Note that it references a URL on a web server. We need to go make sure that file exists. The kernel command-line should be a copy of what you see in menu.lst above.

$ cat ~/public_html/ipxe.script
#!gpxe kernel root= ro debug profile=2 console=ttyS0,115200

Again, that will differ for your systems. You can either build the initrd each time you compile a kernel, or just ensure that the kernel image doesn't need any modules at all, and use an arbitrary initrd. Note that the whole kernel command-line is now in this file. That means that you can edit it on the web server with vim or emacs instead of having to do it on the GRUB command-line. I greatly prefer this to trying to use GRUB's console.

iPXE also has support for variables. You can do fun things like fetch a file with the system's IP address in the filename:


Monday, October 17, 2011

Working Around "Closed" Framechannel Devices

I got a nice WiFi digital picture frame (Motorola LS1000WB) for my Grandma so that she can keep tabs on the family. It was really handy since it could power on directly in to a state where it fetched pictures from a service called Framechannel. However, the economy evidently got the best of them and Framechannel shut down. The frame now powers on to a nice configuration screen (not very grandma-friendly). It's also closed-source and not very hackable.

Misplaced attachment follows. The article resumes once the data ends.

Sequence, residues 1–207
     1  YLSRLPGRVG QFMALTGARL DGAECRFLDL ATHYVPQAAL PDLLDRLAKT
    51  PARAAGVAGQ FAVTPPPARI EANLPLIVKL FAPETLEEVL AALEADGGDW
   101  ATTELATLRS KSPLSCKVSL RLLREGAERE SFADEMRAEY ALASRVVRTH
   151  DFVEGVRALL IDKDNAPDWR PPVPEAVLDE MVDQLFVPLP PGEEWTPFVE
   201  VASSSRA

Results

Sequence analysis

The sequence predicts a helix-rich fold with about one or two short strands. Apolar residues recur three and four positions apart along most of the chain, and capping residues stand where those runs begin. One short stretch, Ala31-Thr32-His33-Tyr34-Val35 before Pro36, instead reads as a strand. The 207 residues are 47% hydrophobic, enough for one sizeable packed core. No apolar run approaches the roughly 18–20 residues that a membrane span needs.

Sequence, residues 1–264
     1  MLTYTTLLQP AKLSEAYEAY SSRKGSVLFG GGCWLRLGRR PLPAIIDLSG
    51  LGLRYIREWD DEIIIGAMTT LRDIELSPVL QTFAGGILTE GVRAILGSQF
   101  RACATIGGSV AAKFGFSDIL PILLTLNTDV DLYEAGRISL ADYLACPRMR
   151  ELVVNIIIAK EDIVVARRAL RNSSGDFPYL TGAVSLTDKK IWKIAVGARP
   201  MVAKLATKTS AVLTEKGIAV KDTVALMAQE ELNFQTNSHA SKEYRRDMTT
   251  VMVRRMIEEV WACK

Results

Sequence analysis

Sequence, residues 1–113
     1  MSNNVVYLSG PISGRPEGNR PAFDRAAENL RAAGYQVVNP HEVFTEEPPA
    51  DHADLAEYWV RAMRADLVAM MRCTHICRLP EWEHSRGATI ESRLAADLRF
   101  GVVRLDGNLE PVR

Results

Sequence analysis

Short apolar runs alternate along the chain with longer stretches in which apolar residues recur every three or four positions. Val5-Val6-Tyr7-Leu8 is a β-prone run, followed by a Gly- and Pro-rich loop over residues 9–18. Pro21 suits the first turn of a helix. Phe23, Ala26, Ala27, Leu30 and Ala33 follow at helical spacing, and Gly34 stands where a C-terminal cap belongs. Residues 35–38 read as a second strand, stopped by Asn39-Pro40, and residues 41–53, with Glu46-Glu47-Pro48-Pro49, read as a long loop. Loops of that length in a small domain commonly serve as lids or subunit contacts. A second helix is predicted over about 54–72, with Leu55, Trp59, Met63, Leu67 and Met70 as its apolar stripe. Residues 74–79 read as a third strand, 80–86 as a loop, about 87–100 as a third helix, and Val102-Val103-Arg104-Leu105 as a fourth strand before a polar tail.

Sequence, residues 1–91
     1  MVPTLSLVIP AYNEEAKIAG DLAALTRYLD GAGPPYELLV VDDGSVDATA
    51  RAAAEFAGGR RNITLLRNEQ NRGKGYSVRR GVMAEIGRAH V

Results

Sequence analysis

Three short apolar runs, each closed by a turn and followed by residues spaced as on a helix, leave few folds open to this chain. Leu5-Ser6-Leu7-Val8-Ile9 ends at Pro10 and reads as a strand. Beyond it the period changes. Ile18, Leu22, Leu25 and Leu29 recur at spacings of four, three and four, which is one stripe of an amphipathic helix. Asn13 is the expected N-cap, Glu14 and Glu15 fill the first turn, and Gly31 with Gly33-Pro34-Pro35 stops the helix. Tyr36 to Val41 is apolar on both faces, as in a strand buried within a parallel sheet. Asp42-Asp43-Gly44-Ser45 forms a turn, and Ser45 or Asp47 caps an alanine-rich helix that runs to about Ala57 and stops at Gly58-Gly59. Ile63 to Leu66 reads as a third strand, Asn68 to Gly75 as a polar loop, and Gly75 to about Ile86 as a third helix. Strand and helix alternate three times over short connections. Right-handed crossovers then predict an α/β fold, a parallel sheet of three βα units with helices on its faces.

However, some intrepid folks have dug up a certification checklist and documented the XML format that the device uses.

The hardest part in all of this is getting a hold of "". You need to trick the frame in to going to a site your control instead of the defunct framechannel one. If you have an OpenWRT or DD-WRT this is fairly simple. You just put an entry in your router's /etc/hosts that says something like:
where is the IP of your web server. You can do this with bind, but it's a bit more involved. After you get this part working, you need some pictures in to Framechannel's XML format. I use this script to fetch a Picasa feed and put it in Framechannel's format. Lastly, you need a webserver which can serve the XML back out. In my case, I needed a path like this:
I did it with this simple script:
mkdir -p "$DIR"
perl [your RSS feed here] > "$DIR/firmware=20090721"
Note: if you are going to do this, remember that this makes your pictures publicly accessible. You should at least set your web server to not let folks get directory indexes on "/productId=MOT001". But, they can still guess your frameId pretty easily.